The Vegetable Garden

Controlling Insects Organically

  • Written by Kathy Anderson

Most gardeners are anxious to get out into their gardens as soon as the weather warms up and the first green sprout appears. Unfortunately, plant-eating insects are just as anxious as we are to get into the garden. They seem to think that our beautiful shrubs and tasty vegetables were planted for their benefit!

There are many fine products available in catalogs and garden centers to control insects. But for health or environmental reasons, some gardeners are hesitant to use chemicals in their garden, especially in a vegetable garden.

So what can you do to avoid sharing your beautiful flowers, shrubs and vegetables with every insect that passes through the neighborhood without using potentially harmful chemicals?

Practicing good garden housekeeping should be your first defense in the battle of gardener versus insects. In other words, keep a clean garden and don’t give the insects a place to hide and reproduce. Rake up any dead leaves from the ground and discard them, or better yet, add them to your compost. Harvest vegetables as soon as they ripen, and don’t leave over-ripe vegetables in the garden. Clear out all dead foliage from your gardens in the fall. Prune out any dead or damaged branches from your trees and shrubs, making clean cuts without ragged edges where insects can hide.

If you find insect damage on your plants, there are a large number of organic products that work in a variety of ways to kill insects or discourage them from eating your garden plants. Because many organic insect controls are used for specific types of insects, it is very important to know what insects you are dealing with before choosing the correct organic insecticide. Carefully examine the damaged plant to find the culprits, looking under the leaves and along the stems where they may be hiding. Your county’s Ag Extension Agent can help identify specific insects, or you can also do an online search for insect identification sites.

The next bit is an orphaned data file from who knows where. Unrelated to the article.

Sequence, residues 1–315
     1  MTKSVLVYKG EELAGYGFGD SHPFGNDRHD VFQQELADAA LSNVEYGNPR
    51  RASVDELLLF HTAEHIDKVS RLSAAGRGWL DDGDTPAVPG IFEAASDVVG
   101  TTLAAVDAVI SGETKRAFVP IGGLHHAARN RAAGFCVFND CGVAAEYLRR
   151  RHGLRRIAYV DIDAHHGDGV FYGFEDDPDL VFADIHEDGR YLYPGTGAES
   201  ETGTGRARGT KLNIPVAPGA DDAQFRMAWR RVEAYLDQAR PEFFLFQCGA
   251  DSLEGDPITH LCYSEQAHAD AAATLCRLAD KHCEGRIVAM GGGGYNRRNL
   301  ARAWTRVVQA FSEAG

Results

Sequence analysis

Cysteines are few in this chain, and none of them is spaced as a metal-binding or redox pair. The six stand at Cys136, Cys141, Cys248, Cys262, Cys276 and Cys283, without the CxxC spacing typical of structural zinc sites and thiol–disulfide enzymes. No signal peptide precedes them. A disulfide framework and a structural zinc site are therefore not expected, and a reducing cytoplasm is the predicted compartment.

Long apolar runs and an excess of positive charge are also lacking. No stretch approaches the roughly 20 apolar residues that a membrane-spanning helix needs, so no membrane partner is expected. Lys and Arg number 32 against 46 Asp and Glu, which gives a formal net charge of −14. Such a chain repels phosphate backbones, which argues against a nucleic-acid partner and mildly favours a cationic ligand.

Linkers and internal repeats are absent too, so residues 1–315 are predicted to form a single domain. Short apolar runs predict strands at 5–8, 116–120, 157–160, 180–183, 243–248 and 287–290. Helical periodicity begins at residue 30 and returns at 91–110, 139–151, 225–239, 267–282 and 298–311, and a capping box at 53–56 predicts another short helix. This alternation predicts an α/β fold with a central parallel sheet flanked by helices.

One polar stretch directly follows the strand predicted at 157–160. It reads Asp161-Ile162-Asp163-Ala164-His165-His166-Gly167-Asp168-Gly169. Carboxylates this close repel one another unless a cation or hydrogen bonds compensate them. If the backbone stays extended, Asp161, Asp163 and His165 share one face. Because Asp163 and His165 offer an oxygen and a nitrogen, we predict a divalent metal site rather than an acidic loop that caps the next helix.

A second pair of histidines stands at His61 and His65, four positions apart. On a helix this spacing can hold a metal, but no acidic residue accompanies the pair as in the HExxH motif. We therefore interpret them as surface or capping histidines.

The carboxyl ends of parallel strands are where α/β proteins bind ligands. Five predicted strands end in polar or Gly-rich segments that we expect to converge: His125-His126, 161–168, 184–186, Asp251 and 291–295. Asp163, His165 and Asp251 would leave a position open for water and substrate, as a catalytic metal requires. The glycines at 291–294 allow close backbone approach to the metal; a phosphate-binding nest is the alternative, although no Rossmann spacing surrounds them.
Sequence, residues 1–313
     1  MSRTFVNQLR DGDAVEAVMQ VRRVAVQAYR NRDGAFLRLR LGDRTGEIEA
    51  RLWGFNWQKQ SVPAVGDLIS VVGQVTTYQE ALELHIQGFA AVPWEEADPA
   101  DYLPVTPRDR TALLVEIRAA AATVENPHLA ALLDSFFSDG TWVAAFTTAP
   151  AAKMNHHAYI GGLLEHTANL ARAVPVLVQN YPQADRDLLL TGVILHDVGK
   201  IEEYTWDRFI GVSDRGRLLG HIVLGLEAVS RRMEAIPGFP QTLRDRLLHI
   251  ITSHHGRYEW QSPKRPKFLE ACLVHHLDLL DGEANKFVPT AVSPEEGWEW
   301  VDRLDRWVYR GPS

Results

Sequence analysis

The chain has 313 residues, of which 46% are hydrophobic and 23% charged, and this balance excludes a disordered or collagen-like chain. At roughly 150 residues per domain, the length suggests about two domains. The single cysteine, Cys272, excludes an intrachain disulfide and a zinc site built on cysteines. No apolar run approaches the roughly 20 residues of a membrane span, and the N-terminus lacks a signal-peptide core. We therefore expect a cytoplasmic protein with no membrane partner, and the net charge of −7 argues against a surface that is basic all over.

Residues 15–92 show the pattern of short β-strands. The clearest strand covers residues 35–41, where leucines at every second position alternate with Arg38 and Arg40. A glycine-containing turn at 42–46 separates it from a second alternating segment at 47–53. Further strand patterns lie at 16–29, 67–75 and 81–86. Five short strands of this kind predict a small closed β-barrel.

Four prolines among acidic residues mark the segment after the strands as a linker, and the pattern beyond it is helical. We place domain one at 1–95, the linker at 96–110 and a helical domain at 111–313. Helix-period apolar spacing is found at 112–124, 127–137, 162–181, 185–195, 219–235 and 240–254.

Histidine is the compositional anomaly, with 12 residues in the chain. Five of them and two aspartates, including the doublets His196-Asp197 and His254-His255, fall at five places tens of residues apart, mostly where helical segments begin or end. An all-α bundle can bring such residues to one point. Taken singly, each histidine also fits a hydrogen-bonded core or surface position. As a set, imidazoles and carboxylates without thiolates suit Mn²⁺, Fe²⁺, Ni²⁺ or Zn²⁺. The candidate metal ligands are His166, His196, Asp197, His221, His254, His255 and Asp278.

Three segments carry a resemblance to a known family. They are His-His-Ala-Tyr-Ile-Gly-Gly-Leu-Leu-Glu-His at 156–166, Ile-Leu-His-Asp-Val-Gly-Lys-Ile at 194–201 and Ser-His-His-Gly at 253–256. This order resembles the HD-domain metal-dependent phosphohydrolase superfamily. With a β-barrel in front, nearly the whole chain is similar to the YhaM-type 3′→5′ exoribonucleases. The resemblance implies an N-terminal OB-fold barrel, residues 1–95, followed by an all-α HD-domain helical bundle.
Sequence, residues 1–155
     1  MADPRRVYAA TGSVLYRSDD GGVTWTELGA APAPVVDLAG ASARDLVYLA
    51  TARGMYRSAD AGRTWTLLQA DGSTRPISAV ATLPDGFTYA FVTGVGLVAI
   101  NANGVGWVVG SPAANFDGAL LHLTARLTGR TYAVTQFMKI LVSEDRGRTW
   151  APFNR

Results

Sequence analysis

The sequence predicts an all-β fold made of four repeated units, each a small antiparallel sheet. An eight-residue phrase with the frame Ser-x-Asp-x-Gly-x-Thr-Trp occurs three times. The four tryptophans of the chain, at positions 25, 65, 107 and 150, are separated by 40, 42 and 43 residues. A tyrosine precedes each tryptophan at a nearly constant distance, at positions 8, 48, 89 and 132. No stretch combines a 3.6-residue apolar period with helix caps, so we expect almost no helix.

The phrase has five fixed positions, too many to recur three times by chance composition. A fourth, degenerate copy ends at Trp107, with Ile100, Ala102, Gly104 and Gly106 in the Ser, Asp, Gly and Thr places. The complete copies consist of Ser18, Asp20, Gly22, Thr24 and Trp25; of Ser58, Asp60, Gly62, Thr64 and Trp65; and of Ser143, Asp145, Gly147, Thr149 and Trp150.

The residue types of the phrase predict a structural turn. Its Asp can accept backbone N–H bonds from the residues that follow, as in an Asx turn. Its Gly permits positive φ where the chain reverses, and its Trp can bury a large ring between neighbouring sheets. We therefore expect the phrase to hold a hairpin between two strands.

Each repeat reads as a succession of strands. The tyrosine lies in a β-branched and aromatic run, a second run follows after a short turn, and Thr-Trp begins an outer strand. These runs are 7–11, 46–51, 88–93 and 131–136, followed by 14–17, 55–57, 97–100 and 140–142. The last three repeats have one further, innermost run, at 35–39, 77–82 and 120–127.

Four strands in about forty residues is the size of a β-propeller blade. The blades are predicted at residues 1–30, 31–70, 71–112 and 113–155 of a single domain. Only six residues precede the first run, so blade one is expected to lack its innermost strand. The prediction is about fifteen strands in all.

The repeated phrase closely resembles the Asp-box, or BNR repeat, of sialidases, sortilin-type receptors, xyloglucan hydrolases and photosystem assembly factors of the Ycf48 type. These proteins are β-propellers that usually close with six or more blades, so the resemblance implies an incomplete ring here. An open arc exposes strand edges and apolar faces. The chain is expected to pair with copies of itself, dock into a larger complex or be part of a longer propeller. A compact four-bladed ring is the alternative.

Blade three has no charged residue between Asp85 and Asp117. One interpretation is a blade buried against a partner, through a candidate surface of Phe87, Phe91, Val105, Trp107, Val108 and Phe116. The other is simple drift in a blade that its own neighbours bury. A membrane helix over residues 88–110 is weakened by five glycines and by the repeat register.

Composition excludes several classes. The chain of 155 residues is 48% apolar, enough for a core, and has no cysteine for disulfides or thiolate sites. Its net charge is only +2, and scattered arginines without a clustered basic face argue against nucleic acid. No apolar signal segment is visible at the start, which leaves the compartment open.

Butterflies often lay their eggs on plants, and when those eggs hatch the little caterpillars will stay and feed on the plant as they grow. Caterpillars can be controlled using a common organic insecticide known as Bacillus thuringiensis, or Bt. Bt is a naturally occurring bacteria that causes caterpillars to stop eating and die. There are several varieties of Bt that can be used, depending on the type of caterpillar you’re after, including one specific to Colorado potato beetle larvae and another for corn earworms. Bt is also effective against tomato hornworms, the little green worms that like broccoli and cabbage, and bagworms. Bt should be applied at 1-2 week intervals to kill succeeding generations of insects. Gardeners with butterfly gardens should avoid using Bt on their plants because it is harmful to butterfly caterpillars. However, Bt is completely harmless to pets and people.